become a smaller target. And I think we have to be very careful that when you're the most powerful country in the world and you're trying to avoid participating in the decision making of the 70s you don't disappear everybody sees you there what you're doing is sticking your head in the ground. And as I think most people know if you're visualizing an animal that tends to stick its head in the ground it does not give you a lower profile gives you more inviting target. And I think we cannot escape from our responsibilities. But I guess they have to be exercised in ways where we do not dominate or attempt to manipulate international organizations. But a new direction for American policy are indicated then with respect to Latin America. The problem of new directions or new policies tends to detract from the fact that there are many people who know what the relationship should be. It's a continuing relationship. We have to look more carefully at Latin America's trade problems what we buy from them what we sell to them. We
have to look much more carefully at how we encourage our private businessmen to do business in Latin America. The aggregate interest of the United States as a country as a nation and a people is not necessarily identical with the particular interests of an individual business firm. I think on the aid side there's a great temptation today to worry about our domestic problems and not concern ourselves with foreign problems. I think for the country that we are the one thing we should have learned lately is that you cannot separate our internal problems from our foreign problems. Our trade policy our credit policy our labor policy our educational policies our tax policies these are all interconnected with international problems. I think we have to pay more serious attention to what our own domestic purposes what we are as a nation and when we have a clearer notion of that we have to decide those Latin governments that we will work closely with how we can help them most and those that we will tend to be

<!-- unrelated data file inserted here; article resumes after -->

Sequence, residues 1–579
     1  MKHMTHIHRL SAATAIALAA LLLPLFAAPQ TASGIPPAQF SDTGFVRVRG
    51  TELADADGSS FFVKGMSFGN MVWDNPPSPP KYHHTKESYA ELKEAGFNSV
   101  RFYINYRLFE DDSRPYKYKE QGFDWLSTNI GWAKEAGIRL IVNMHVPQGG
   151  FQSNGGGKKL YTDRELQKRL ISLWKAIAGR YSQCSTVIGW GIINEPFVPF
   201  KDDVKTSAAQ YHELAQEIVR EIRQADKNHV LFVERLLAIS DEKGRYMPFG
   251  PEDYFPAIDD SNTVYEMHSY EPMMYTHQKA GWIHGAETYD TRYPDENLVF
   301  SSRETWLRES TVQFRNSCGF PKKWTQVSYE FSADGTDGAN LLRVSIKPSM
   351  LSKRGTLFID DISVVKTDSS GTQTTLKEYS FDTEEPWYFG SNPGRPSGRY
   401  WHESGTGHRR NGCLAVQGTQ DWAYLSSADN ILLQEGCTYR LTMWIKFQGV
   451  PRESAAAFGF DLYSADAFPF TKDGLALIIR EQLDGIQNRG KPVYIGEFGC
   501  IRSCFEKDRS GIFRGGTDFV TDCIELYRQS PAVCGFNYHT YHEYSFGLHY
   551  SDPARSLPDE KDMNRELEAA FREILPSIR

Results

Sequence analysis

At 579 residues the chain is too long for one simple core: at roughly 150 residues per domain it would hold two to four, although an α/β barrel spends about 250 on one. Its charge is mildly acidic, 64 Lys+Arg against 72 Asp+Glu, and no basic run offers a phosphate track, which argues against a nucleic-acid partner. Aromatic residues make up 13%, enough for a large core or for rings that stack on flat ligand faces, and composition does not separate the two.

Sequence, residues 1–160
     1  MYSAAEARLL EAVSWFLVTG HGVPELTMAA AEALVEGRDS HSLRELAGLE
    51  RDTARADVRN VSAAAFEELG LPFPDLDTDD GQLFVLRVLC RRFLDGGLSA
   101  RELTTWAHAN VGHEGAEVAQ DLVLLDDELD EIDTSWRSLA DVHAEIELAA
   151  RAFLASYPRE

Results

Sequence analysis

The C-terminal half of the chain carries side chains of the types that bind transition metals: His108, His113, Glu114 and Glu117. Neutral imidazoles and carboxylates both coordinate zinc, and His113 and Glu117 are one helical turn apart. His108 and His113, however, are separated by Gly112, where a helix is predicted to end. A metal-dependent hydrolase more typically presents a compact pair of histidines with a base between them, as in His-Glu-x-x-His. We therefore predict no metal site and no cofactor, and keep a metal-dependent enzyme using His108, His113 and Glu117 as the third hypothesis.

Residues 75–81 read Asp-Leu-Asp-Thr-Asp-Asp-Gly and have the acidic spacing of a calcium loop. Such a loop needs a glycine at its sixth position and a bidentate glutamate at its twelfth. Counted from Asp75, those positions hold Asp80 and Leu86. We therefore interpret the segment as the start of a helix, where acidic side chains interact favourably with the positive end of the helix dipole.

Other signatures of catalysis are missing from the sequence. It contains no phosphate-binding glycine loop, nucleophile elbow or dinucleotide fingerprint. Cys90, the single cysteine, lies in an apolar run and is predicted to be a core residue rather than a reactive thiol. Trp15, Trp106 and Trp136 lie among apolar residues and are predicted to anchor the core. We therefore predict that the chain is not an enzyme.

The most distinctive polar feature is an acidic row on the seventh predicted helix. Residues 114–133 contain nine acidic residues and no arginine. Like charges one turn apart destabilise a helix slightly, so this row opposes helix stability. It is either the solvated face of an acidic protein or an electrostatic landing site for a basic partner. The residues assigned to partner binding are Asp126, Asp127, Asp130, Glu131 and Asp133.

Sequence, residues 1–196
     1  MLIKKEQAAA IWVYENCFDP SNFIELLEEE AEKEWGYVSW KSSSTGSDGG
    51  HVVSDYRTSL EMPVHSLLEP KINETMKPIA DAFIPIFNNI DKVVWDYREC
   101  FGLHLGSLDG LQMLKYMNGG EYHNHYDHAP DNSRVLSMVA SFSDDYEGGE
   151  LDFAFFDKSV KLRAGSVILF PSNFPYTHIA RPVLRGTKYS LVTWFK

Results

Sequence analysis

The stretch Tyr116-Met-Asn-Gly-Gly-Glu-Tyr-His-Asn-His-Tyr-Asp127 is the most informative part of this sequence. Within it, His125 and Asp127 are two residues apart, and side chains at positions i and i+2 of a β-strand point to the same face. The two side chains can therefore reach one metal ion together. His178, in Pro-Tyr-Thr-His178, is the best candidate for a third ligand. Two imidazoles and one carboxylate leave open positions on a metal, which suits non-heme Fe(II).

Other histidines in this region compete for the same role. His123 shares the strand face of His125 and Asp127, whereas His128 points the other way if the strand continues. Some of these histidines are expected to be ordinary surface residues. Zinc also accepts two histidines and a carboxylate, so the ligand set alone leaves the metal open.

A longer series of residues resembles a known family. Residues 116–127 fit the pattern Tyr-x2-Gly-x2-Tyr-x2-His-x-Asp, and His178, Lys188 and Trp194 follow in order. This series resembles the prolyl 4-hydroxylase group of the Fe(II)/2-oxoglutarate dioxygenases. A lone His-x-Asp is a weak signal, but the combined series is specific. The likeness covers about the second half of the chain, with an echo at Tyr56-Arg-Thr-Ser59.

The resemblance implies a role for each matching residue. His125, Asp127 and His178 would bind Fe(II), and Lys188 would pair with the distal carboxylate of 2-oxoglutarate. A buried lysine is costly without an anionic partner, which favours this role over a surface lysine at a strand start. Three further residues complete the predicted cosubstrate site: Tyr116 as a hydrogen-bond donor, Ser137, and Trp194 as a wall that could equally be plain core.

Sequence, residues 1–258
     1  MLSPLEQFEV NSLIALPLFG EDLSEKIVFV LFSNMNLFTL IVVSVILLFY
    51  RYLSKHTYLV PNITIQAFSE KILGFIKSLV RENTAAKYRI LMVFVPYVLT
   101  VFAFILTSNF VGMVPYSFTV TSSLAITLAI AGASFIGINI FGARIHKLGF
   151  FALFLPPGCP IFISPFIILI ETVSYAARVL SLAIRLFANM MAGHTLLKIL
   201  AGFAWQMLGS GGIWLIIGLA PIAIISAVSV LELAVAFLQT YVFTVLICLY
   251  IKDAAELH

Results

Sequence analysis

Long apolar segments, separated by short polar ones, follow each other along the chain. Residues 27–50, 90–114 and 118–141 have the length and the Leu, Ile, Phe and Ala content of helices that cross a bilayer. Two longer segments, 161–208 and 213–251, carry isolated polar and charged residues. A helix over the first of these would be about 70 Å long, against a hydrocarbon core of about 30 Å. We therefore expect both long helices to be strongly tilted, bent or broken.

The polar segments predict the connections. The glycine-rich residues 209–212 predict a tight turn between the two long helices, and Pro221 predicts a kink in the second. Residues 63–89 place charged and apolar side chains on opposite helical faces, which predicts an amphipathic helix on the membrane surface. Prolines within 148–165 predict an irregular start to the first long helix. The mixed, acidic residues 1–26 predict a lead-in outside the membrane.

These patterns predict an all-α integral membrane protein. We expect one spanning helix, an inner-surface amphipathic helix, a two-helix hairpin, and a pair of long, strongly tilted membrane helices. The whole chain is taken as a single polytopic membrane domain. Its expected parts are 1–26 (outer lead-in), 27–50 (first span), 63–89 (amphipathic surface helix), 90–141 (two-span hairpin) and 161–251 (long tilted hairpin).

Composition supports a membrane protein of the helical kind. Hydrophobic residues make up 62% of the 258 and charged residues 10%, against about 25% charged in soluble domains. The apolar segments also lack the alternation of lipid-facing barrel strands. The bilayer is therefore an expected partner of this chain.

more coolly correct. I think the most important thing that we have to look to is our trade policy. This is a bad time to think about trade policy in this country if anything our Congress and our people seem to want more protection when the trade and economic health of many countries in the world depend upon selling increased amounts to us and sales which might in fact lower the cost of living in this country. And it becomes important to us to have a much broader view of what our trading responsibilities are. I think the dilemma in that. That it would be nice if the countries that want to sell us more had political systems in their own countries that could assure that the increased earnings from those sales would be used equitably and for a fair development and would not just go to make a handful of exporters even more disproportionately wealthy but I think there is a problem on both sides. I don't think we will be able to run away from the financial assistance question either. I think we have discovered that when a country gets moving and is